This project very consciously limits its scope to the Williams River Valley, and even then largely to the stretch from its headwaters beneath the Barringtons to Clarence Town. This is only about 60 kms or so of a valley that is perhaps 10 kms wide at its narrowest points and much less for most of its length. Even today, with its population at perhaps 3,000 people the highest it has ever been, is not large. So why devote so much historical effort to such a small local area?
The advantage of such a narrow focus is that a great deal of historical depth can be achieved. The constant shifting of evidence and sources relevant to this limited area constantly yields surprisingly fruitful results. As well, this in-depth approach throws up an amazing number of questions across a very broad range to be asked and gradually answered.
- Dungog – the name of the major town on the Williams River since 1833 and of a police district for much of the 19th century – is an unusual word that as more and more material becomes digital and so subject to powerful search engines gives great advantages in sifting out small contributions to the research.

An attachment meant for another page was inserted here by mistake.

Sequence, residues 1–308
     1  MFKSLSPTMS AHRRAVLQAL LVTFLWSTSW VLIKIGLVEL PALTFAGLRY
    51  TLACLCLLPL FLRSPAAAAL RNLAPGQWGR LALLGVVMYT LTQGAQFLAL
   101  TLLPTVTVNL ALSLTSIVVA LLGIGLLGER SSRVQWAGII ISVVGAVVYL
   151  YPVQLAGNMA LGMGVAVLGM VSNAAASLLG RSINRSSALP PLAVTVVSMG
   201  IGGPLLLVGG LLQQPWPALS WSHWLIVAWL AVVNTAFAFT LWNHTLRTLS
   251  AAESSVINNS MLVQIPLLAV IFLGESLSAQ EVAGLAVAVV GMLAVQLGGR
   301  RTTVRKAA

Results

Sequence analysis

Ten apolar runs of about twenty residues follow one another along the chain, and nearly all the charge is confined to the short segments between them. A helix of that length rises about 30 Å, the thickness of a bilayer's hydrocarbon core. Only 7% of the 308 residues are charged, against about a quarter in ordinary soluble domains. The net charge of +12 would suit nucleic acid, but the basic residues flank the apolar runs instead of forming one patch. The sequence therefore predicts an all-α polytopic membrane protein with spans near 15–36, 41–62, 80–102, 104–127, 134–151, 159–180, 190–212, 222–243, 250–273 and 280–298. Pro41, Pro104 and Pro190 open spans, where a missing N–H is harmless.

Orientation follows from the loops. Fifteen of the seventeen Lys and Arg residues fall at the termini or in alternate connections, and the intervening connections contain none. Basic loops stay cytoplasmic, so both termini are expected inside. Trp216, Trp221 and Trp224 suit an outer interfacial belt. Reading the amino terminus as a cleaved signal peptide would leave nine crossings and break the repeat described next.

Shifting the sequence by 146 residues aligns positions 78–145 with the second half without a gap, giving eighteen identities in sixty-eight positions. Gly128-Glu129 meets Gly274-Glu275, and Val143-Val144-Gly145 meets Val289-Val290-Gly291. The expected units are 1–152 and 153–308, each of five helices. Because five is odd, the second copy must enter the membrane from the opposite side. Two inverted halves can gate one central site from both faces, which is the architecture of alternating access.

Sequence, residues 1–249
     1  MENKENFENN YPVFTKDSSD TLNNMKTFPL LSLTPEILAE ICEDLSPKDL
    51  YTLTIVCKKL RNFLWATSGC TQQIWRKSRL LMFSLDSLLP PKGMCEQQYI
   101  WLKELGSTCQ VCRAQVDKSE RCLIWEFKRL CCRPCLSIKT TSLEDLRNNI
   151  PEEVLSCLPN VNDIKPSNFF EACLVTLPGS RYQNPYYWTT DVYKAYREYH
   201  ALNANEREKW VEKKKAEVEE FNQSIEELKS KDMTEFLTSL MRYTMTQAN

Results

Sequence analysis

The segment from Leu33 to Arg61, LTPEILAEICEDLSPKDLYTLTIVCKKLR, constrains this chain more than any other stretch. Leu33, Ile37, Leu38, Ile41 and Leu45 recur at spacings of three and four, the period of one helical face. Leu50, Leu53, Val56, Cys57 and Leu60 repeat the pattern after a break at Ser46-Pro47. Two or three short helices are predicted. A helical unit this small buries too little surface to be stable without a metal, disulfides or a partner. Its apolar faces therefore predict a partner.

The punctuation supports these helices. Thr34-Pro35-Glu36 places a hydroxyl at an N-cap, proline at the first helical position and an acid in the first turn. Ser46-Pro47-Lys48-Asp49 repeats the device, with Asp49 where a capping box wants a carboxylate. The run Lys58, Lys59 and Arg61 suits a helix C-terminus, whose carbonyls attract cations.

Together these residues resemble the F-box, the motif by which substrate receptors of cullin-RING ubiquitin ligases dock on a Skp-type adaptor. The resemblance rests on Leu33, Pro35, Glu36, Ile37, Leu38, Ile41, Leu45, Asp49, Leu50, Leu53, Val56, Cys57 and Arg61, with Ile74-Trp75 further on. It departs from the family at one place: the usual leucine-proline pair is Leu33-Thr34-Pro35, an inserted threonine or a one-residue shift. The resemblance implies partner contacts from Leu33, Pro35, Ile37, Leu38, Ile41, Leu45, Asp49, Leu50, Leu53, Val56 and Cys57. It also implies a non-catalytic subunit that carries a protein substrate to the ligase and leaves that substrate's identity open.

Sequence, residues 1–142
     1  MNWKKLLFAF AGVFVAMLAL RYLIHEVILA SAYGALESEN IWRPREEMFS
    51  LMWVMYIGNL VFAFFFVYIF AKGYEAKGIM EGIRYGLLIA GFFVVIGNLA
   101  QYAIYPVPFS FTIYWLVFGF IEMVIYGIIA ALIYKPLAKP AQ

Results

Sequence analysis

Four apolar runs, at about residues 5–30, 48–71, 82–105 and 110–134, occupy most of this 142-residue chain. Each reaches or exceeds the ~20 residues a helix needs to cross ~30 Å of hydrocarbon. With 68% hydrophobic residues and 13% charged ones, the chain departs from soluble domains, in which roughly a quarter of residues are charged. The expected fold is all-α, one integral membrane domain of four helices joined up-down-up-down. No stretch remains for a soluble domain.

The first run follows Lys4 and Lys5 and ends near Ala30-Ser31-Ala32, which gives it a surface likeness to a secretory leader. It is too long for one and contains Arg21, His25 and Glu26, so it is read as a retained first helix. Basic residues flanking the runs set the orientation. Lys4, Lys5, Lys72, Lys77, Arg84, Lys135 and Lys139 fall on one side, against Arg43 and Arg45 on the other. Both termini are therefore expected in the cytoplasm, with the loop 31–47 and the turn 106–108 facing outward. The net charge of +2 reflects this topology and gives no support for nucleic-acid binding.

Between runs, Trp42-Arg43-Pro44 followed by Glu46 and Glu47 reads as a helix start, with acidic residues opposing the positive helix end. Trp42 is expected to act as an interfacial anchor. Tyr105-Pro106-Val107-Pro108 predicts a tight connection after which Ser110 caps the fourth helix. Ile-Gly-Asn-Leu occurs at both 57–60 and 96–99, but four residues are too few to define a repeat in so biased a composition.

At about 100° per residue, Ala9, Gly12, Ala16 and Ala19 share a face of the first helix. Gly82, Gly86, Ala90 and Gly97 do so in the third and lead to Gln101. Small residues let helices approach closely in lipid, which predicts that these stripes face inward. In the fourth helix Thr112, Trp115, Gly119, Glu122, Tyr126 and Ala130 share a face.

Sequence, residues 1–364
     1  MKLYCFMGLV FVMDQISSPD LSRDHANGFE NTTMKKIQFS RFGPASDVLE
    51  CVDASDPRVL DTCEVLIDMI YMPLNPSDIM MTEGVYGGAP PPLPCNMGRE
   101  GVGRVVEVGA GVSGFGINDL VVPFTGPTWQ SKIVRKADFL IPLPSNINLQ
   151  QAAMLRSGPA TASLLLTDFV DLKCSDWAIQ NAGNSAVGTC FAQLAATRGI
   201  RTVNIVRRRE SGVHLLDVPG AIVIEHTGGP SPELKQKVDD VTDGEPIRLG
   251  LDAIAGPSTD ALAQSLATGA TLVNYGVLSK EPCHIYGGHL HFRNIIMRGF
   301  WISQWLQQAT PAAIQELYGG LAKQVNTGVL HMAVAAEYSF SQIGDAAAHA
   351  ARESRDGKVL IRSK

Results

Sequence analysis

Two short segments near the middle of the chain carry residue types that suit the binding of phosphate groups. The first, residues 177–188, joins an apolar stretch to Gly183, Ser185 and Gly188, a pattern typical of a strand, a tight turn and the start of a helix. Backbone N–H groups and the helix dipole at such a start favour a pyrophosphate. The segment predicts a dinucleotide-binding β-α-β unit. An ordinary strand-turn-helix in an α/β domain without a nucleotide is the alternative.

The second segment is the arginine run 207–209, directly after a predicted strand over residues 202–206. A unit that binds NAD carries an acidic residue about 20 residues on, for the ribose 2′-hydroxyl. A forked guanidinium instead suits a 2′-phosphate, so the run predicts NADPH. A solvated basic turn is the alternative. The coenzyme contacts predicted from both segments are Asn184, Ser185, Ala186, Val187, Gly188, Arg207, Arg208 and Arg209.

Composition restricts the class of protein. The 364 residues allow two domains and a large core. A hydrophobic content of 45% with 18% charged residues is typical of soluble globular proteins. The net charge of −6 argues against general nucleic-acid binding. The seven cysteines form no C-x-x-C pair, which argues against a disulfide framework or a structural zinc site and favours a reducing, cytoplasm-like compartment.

- One such example was the discovery of the little known first letterbook in a series of Dungog Magistrates Letterbooks running from 1834 until 1851. This very underused resource is held in the NSW State Archives whose holding only begins in 1839. The discovery that a mislabeled Dungog ‘Police Office’ Letterbook held by the National Library was in fact the first in this valuable series greatly adds to our historical knowledge.
Questions thrown up: